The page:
The Death Penalty: Should We Really Be Playing God?
Currently, there are 30 states that allow the death penalty. As of 2019, in California alone, there are 729 inmates on death row. Though Governor Newsom instituted a moratorium on executions in 2019, hundreds of convicts are still awaiting their sentences. Still, the United States is not the only country in which criminals receive the greatest punishment.
The United States is only one of fourteen countries where the death penalty is not only legalized but also practiced. The eighth amendment of the U.S. Constitution declares that no cruel or unusual punishment may be inflicted upon any criminal. However, shouldn’t an issue of death- the robbing of someone’s life- be considered cruel?
Furthermore, it is important to note that a death sentence can never be undone or compensated for. Fines, imprisonment, community service: nearly all other forms of punishment can be reversed, but no amount of money could be used to replace an innocent life. An innocent life, because in the United States, four percent of death row inmates are proven innocent after execution. While four percent can barely be considered an error in most situations, four percent refers to one out of twenty-five people wrongfully executed. That four percent marks the unwarranted and unjust death of multiple innocent citizens due to what might have been a simple mistake in court.
People love to assert that Americans, now, are less savage, less barbaric, and less unjust. On many levels, that statement is true. The United States has a well-devised criminal justice system that at times can be fair and just. Although it has much to improve in its justice system, it’s important to note that we are not an isolated case. Iran, Saudi Arabia, Pakistan, Somalia, and various other countries have all conducted the execution of juveniles within the past ten years. Though juveniles are capable of committing crimes as violent and dangerous as mature adults, their brains and personalities are far less developed; the likelihood of succumbing to pressure or failing to process thought is certainly greater. The execution of juveniles, as opposed to offering rehabilitation and education, definitely calls morality into question. However, though America’s crimes are fewer, they are no less heinous.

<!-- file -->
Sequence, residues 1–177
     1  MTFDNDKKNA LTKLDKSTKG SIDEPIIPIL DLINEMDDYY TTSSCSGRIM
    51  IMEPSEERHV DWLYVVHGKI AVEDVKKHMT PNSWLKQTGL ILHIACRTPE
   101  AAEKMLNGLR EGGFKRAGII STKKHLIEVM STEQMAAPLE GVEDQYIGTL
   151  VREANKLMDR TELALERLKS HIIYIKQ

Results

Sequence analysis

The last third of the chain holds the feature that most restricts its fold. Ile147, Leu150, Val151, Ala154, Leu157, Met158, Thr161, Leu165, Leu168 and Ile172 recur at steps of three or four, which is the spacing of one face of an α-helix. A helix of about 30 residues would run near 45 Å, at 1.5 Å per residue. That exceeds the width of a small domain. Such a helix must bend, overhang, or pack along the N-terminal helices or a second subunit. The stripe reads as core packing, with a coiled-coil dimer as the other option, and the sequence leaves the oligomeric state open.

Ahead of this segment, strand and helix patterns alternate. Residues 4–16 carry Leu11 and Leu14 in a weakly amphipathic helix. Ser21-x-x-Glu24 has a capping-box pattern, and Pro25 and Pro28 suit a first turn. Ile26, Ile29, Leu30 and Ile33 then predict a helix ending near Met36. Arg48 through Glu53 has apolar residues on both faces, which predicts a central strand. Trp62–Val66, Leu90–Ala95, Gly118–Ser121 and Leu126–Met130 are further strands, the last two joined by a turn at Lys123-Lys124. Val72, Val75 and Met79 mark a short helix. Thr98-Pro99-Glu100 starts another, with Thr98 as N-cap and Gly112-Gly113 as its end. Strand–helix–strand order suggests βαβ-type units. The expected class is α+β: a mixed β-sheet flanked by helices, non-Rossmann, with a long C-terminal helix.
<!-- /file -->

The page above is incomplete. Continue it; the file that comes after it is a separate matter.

So then, does the death penalty exist as a true punishment, or as a deterrent? If it exists as a punishment, then do citizens really believe that the release of death is more severe than life in prison? Is barely living- confined to life within the walls of a prison cell often with living conditions far below the basic livable standards- truly softer than an execution? Would those people, centuries from now, look upon the death penalty the same way we view public hangings? Perhaps modern-day executions carry the same underlying threat as their ancient counterparts: if you commit the same crime, you will lose everything and more. Our death penalty seeks to convey the same intolerant message as before, only shrouded in nobility and legal support.
There is controversy surrounding whether or not a continuation of the death penalty actually reflects a more tolerant society. But I do believe there to be substance in the claim that legalization of death penalties might simply be an attempt to cover and conceal the same nature that demanded an eye for an eye.